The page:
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Posted 20 June 2013 - 20:27

As a Brit, I find it nice to see that Diamine inks are getting some great promotional comments. Which of course they should.

Fantastic ink!

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"Meddler's 'Salamander' - almost as good as the real thing!"

#8 Sasha Royale

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Posted 20 June 2013 - 20:57

Pelikan Royal Blue writes well in every pen I own.  It is inexpensive and widely available.

I have been using Noodler's Blue in all my pens.  AT $5 per ounce, it is the average

"cheap" price.  Two ounces of ink is a lot of ink !


Esterbrook J-series pens don't write dry.  Some of the nibs do.  Some write wet.  There

forty difference nibs. 

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#9 Gloucesterman


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Posted 22 June 2013 - 01:28

I just loaded my "new" Esterbrook with Lamy blue and I like it. Have not used it in quite a while so it's refreshing to reconnect with a simple, reasonably priced blue ink.

“Don't put off till tomorrow what you can do today, because if you do it today and like it, you can do again tomorrow!”

#10 tmenyc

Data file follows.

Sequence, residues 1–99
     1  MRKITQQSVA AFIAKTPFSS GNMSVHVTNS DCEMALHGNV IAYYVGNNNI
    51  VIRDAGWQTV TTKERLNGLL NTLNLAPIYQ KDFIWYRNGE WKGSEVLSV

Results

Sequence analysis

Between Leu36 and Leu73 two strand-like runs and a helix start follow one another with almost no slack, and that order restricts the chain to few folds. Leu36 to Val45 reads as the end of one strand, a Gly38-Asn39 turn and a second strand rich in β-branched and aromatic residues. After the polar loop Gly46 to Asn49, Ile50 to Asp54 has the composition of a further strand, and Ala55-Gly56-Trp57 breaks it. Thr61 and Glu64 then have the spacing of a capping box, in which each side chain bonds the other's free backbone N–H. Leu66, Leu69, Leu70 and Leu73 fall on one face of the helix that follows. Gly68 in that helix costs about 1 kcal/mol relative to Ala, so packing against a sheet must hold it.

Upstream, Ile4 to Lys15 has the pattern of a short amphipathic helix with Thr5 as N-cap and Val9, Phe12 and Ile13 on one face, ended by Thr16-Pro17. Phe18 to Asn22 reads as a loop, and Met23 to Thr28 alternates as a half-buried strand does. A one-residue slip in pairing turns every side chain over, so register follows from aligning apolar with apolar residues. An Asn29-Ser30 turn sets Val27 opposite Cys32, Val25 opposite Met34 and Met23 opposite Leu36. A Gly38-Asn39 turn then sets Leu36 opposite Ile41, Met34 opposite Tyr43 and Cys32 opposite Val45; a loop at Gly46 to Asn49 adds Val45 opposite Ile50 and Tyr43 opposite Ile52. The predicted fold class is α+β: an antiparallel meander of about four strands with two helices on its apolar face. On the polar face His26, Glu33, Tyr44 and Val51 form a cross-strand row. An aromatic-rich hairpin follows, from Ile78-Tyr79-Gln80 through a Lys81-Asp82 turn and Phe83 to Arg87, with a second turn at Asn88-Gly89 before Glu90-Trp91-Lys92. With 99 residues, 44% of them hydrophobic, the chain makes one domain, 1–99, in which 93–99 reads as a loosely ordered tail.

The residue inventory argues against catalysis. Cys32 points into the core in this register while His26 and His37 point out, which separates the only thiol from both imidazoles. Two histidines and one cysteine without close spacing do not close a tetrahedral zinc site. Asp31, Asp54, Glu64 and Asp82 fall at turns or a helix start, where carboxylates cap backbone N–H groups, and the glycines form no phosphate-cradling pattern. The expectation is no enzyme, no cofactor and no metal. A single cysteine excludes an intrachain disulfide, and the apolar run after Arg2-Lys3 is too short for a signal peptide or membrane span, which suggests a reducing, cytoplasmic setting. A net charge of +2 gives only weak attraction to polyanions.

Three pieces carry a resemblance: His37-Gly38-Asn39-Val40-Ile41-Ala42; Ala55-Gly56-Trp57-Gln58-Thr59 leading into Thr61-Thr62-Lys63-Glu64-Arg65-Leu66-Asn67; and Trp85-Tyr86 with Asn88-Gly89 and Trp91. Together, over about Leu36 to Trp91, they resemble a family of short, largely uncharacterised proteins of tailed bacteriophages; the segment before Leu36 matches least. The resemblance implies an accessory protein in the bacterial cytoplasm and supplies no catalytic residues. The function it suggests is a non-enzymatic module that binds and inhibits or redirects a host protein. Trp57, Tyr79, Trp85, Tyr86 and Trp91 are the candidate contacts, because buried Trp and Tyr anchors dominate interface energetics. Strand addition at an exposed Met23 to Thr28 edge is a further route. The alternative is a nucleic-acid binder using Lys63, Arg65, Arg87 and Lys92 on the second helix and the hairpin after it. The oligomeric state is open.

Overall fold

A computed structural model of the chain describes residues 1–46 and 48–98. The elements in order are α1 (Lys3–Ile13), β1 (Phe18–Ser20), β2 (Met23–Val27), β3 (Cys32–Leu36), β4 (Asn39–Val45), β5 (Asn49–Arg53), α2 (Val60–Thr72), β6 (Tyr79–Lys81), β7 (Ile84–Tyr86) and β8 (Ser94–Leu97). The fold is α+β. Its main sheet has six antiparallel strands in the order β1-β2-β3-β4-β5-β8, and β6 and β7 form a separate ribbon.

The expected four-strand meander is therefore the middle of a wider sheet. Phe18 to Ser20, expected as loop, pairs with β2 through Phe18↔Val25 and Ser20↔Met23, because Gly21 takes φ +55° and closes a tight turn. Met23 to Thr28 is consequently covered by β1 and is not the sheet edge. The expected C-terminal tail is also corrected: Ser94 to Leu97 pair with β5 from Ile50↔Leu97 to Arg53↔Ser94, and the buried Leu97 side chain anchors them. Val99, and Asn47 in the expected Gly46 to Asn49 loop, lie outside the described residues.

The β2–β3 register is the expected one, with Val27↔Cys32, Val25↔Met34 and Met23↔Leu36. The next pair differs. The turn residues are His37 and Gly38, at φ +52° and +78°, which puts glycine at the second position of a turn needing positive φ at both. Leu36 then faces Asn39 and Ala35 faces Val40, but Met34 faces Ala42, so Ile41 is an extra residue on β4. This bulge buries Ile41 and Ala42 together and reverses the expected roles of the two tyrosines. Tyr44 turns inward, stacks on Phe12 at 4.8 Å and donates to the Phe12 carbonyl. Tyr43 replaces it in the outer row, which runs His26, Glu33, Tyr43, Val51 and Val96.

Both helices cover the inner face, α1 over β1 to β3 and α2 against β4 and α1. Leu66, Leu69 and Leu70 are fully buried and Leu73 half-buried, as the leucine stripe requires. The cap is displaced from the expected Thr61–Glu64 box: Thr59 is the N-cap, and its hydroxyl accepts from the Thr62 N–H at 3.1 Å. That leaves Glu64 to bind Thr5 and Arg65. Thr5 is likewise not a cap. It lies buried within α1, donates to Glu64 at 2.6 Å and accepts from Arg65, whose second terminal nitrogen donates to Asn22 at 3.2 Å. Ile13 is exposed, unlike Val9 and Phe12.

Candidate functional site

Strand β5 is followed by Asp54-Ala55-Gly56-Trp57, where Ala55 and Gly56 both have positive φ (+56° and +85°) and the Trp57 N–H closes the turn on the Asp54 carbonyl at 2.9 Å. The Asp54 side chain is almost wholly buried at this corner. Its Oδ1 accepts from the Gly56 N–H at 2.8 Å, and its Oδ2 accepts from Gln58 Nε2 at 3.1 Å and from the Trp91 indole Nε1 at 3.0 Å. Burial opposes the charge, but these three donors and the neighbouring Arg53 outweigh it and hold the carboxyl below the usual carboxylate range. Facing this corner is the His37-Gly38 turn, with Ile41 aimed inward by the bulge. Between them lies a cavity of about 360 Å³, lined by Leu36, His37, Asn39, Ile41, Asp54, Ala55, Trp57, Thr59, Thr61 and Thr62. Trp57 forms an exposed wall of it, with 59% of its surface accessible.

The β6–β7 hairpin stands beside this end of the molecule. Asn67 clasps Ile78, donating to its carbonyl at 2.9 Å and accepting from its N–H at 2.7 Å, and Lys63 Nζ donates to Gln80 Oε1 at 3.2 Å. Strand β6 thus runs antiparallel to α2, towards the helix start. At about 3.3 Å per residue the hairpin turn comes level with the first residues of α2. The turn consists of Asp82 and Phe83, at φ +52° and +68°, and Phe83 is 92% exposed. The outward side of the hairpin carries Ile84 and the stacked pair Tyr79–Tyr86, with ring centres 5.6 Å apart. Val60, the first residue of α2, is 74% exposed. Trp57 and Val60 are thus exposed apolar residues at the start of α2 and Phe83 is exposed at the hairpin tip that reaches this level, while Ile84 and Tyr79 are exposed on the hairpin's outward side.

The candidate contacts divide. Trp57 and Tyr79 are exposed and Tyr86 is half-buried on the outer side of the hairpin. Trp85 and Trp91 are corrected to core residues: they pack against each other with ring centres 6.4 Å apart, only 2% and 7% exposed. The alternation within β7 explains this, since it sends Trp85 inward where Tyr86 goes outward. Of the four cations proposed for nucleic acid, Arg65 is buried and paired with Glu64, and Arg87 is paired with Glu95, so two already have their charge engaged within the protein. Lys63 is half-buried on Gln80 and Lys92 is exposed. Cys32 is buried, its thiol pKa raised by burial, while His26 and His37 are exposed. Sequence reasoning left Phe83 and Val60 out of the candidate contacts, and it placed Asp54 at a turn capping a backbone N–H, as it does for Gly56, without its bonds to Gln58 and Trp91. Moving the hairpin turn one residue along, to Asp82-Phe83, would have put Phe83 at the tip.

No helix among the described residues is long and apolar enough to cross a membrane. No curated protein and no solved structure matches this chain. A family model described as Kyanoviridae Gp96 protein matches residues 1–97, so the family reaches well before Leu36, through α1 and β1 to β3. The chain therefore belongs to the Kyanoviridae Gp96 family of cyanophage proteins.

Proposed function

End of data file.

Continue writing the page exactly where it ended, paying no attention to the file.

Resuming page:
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Posted 22 June 2013 - 03:11

As Sasha notes, Esterbrooks don't write dry, but the nibs might.  To me, in an Esterbrook, the whole deal is the nib and the ink...the pen is a vehicle and is easily swapped for another.  That may be a little inverse, but so be it.

You're using a 2668, one of my favorites.  I prefer the 2xxx over the 9xxx, because I like the feedback.  The 2668's are sweet, wet mediums and they write like a dream with almost anything.  I like to use my 2668 to experiment with new inks, using the logic that "if it doesn't work with this 2668, it ain't gonna work..." So if you look at my signature now, you'll see an Esterbrook, with a 2668, using Sailor Kiwagiro ink, the first time I've tried this ink.  

They are amazing, durable, and versatile nibs.  Enjoy, and buy a couple more!


#11 SallyLyn


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Posted 16 July 2013 - 16:06

I have found the Estie shorthand nibs nice writers. They appear to be F maybe XF, no flex, but the ink flow is excellent even with the modern saturated Noodler's inks I've used in one Estie. 


Think about it, shorthand writers needed to have a pen, nib, ink write in an instant everytime, perfect ink flow with repeated quick up and down strokes. No feathering, no muss no fuss. 


As for inks, I'd look for the least expensive way to get a Waterman or Daimine ink in a color you like for day in day out school work. Easy on the eyes for notes all day and easy on the eye for an instructor to read papers. Something like Waterman Blue-Black (now Mysterious Blue), Florida Blue (now Serenity Blue). 


While I love and have many tons of Noodler's inks, if you told me I could only have one brand of ink for all my pens, forever, considering I have many old special pens, I'd have to go super safe with Waterman. 

For my Peacock Blue Sheaffer Snorkel I use Richard Binder's mix of 1:1 Fla Blue : Purple. That mix could be too bright for school but you can adjust.